JMATE 2012: Day 3 Takeaways

by Liz Wu

Whew, what an incredible (and jam-packed) three days! Here are our very quick takeaways from the final day of the Joint Meeting on Adolescent Treatment Effectiveness 2012:

´╗┐Susan Richardson, National Executive Director, Reclaiming Futures

  • Youth consume more than 90% of their alcohol by binge drinking. And unfortunately, 5,000 young people under the age of 21 die annually as a result of binge drinking.
  • Only half of kids are asked about or screened for drinking and smoking when they visit a physician. 
  • When screening for substance use, the best questions to ask are about frequency of drinking and friends’ drinking habits.
  • When working with at-risk kids, it’s critical to take a hard look at an substance an adolescent has used more than five times.
  • The Longitudinal Pathways to Desistance Study is an important resource for those working with seriously offending teens.
  • A substance use disorder changes the relationship between risk markers and gainful activity over 6 years (mental health diagnoses do not). A substance use disorder makes things much worse.
  • Treatment provides a positive effect on marijuana use, offending and alcohol consumption for a period of time IF treatment continues for a sufficient length of time.

Liz Wu, Blog Editor, Reclaiming Futures

 

 

  • Childhood mental health problems increase the risk of substance use and addiction and substance use increases the risk of developing mental health problems.
  • If you offer free treatment, 80% will come in without court mandates.
  • When working with troubled youth, refrain from using the terms "treatment" and "recovery" because they have negative connotations. Instead consider "groups" "classes" or something less charged.
  • Nationally, the numbers of heroin users hasn’t changed much since the 90s but this doesn’t explain what is really happening. Older users are probably incarcerated or have passed away. Young people make up the majority of heroin users.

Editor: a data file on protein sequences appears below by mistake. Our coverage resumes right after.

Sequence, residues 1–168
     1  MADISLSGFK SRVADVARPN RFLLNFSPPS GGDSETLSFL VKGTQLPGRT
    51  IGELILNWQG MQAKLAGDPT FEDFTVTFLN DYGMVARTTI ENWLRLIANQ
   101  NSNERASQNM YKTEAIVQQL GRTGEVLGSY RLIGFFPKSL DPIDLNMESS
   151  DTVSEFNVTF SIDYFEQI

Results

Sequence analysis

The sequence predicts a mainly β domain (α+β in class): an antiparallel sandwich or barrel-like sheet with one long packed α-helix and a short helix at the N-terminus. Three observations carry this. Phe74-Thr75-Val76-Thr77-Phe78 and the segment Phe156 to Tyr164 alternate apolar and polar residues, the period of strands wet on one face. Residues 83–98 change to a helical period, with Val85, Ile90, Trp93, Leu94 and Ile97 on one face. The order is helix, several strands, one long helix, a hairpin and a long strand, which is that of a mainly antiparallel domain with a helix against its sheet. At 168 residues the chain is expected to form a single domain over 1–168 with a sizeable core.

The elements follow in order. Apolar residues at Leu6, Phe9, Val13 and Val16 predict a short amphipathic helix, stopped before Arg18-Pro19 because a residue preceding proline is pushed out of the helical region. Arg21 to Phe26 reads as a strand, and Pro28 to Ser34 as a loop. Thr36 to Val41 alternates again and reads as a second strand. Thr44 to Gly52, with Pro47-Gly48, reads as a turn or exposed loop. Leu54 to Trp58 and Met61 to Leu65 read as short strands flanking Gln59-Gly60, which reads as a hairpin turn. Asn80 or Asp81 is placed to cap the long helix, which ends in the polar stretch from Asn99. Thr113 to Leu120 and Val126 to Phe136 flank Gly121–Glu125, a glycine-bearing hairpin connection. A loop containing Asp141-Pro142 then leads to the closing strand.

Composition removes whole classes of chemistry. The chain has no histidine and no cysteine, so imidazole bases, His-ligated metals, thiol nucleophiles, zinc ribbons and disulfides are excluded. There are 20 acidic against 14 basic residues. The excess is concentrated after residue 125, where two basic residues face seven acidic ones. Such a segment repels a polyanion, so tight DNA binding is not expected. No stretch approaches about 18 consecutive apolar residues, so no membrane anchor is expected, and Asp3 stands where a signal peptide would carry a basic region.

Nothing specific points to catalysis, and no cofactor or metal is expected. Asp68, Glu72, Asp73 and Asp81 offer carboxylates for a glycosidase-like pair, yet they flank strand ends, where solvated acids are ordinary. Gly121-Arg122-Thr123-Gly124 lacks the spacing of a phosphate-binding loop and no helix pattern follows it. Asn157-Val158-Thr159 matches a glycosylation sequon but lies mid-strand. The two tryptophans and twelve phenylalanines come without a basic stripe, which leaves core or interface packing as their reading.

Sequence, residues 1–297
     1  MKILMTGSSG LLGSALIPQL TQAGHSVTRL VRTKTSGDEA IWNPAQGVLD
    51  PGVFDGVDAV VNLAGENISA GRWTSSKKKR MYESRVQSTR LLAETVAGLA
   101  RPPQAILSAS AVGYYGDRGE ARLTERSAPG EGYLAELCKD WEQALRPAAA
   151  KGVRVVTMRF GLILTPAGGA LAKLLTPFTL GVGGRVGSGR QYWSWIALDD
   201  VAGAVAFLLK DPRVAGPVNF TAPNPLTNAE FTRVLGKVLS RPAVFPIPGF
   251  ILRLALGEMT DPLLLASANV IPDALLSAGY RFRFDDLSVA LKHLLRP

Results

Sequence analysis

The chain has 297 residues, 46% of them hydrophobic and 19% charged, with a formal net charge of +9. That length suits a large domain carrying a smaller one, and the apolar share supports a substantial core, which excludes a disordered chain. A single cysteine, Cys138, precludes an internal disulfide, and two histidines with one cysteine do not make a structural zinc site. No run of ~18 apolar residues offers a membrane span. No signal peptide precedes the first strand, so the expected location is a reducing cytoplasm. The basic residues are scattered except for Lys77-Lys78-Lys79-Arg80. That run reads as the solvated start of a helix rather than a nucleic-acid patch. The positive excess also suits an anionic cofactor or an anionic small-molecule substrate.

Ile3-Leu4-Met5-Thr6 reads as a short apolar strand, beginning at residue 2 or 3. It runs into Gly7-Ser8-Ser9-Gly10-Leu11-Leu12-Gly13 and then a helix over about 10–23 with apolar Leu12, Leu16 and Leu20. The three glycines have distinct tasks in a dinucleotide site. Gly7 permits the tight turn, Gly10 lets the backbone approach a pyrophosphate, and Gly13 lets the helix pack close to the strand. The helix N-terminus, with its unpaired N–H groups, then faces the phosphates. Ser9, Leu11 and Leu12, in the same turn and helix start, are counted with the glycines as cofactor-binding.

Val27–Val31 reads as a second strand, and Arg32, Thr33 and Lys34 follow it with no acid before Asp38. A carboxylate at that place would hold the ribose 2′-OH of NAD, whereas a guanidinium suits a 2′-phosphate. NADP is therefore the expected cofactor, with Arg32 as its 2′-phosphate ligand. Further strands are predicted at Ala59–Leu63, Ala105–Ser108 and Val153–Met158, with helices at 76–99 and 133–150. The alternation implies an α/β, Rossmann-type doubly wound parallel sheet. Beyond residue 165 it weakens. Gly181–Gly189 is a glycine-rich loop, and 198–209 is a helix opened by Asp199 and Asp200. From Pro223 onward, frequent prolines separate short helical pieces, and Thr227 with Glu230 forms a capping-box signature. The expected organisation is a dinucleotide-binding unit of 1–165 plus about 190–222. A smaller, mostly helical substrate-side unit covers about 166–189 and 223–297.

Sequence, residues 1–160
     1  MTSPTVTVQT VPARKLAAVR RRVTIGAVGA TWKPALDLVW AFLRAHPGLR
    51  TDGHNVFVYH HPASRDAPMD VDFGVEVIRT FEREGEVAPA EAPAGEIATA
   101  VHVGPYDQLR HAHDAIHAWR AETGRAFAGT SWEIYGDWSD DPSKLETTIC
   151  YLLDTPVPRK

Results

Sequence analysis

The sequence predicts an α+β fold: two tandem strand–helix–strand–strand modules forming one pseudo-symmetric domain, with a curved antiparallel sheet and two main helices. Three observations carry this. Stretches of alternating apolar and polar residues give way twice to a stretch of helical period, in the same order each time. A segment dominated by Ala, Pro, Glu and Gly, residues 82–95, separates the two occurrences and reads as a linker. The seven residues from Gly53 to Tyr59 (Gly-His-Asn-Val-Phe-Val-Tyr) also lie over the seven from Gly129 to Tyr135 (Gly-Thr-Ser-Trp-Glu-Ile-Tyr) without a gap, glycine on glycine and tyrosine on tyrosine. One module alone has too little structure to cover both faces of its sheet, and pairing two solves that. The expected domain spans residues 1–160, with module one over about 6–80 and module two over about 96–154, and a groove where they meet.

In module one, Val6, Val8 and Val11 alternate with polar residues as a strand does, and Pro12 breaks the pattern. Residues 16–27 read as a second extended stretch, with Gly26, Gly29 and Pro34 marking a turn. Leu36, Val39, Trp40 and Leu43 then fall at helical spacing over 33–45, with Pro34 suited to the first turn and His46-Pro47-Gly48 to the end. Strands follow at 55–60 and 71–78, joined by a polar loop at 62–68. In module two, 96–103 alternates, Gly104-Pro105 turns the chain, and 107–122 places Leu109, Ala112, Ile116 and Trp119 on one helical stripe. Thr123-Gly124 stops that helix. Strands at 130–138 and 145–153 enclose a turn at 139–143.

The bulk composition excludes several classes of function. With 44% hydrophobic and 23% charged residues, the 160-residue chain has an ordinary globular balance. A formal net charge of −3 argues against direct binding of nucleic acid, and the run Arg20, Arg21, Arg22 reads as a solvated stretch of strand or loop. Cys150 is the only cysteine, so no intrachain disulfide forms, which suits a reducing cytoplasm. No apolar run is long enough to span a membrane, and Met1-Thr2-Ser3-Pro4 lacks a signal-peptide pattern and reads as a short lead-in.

• Teens think opioids are safe and legal because they can steal from family members with prescriptions. This isn’t true and we need to do a better job of educating them.
  • It’s important to have young people in recovery participate in a sober support meeting or pro-social activity every single day of the week. Five days of the week isn’t enough – weekends are crucial.

Stay tuned for additional panel write-ups to come! And please share our JMATE coverage with your colleagues and networks. In fact, if you’d like to re-print any of our pieces on your blog or newspaper or newsletter, please e-mail me at info AT reclaimingfutures DOT com.


Liz Wu is a Digital Accounts Manager at Prichard Communications, where she oversees digital outreach for Reclaiming Futures and edits Reclaiming Futures Every Day. Before joining the Prichard team, Liz established the West Coast communications presence for the New America Foundation, where she managed all media relations, event planning and social media outreach for their 6 domestic policy programs. Liz received a B.A. in both Peace and Conflict Studies and German from the University of California at Berkeley. She tweets from @LizSF.

 

 

 

 

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